Texting: More than half of the respondents reported using text messaging to communicate with buyers. Also, it appears that victims recruited more recently are significantly more likely than victims recruited further in the past to communicate with buyers via text messaging.
Desire for Help: 80% of victims reported that they wanted help while they were in the life at some point. 64% specifically wanted help escaping. 65% of victims reported that nobody ever or hardly ever reached out to them while they were in the life.
When asked if they had ever seen a number for a hotline offering help, 72% reported never seeing any number at all, despite the fact that 50% said they would have wanted to receive a national hotline number or information about a local agency that could help.
Information garnered from this report can and will lead to actions and programs to aid in the fight against trafficking. For instance, findings demonstrate that victims recruited more recently are likely to have access to cell phones with text message capability. This presented a unique opportunity for technology to be used as a help resource for victims. Thorn partnered with Polaris, Twilio and Salesforce to launch a texting helpline, building on the services available through the National Human Trafficking Resource Center (NHTRC), which Polaris operates. In addition to accepting calls, emails, and webforms through the NHTRC, Polaris now has text-messaging capabilities through the BEFREE text shortcode. The BEFREE text shortcode was deployed in March 2013 and preliminary findings show that victims themselves are texting the hotline at more than double the rate they are calling the hotline.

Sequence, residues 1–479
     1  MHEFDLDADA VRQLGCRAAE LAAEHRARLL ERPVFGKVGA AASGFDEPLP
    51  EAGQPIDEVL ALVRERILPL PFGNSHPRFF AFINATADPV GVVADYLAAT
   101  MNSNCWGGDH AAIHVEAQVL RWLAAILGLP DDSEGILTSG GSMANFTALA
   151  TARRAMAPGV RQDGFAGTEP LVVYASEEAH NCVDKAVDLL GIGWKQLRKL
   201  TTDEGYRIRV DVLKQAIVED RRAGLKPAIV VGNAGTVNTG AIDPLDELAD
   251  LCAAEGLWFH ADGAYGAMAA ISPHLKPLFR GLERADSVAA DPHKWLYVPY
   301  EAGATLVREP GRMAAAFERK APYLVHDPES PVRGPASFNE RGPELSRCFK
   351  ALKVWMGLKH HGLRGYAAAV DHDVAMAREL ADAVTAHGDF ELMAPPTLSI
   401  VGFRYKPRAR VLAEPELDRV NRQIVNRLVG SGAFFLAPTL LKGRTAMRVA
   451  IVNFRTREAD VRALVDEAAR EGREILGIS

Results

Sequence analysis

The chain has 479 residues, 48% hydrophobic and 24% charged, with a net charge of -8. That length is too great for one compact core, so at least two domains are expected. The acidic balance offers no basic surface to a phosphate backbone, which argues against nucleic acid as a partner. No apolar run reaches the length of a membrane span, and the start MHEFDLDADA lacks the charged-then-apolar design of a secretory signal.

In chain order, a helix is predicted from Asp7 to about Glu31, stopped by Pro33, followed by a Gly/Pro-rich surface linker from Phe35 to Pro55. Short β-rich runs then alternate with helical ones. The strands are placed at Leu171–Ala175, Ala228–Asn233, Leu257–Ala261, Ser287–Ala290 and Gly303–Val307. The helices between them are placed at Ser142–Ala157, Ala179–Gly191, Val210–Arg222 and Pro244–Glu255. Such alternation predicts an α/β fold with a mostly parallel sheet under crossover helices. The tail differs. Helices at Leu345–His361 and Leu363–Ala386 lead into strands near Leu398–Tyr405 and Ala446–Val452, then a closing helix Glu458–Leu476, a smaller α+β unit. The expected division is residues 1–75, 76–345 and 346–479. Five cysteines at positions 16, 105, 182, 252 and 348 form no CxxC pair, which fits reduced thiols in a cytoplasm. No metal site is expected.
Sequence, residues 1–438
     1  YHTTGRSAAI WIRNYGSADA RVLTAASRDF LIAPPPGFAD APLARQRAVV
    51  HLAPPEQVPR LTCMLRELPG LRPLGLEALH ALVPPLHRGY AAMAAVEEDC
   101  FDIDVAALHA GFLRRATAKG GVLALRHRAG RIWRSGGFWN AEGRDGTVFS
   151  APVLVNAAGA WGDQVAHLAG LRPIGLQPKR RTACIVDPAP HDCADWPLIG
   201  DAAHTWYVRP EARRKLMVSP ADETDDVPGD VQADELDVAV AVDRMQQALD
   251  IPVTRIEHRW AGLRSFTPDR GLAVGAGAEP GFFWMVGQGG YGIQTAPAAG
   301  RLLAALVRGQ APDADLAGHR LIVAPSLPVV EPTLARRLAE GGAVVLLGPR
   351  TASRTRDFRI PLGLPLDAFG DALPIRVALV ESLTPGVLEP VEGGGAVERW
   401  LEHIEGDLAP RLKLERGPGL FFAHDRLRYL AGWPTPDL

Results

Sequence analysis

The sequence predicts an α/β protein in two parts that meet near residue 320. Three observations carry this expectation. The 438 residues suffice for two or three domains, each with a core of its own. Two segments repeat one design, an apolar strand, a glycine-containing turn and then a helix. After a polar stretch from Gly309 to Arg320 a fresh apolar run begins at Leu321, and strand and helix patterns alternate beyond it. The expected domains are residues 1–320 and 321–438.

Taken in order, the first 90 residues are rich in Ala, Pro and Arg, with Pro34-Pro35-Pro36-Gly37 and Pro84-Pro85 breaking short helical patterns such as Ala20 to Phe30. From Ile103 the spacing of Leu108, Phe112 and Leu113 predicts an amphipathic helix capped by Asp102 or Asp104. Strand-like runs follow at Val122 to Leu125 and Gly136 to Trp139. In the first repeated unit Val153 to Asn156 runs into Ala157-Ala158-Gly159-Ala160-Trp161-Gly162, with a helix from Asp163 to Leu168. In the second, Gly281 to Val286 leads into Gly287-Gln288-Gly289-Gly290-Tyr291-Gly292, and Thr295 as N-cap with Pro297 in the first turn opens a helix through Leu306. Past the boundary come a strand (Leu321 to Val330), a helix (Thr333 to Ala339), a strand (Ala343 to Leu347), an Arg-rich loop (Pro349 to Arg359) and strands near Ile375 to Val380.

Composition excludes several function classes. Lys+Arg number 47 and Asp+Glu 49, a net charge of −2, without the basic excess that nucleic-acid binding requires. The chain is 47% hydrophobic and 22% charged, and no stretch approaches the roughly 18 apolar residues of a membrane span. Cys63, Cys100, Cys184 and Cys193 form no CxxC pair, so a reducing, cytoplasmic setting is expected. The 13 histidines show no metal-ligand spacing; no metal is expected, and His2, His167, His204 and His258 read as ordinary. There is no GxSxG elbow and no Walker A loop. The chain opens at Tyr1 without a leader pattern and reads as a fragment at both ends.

Thorn and TCU are currently deploying an updated survey. If you or your organization is interested in participating, please email firstname.lastname@example.org. According to Dr. Vanessa Bouche, Assistant Professor of Political Science at Texas Christian University (TCU), "While the results of the inaugural survey shed light on the intersection of technology and domestic minor sex trafficking today, this is only one snapshot in time. Rapid changes in technology, coupled with controllers adapting to new environmental conditions, dictate that this survey be conducted over and over again to stay ahead of trends and changes and to inform effective intervention strategies."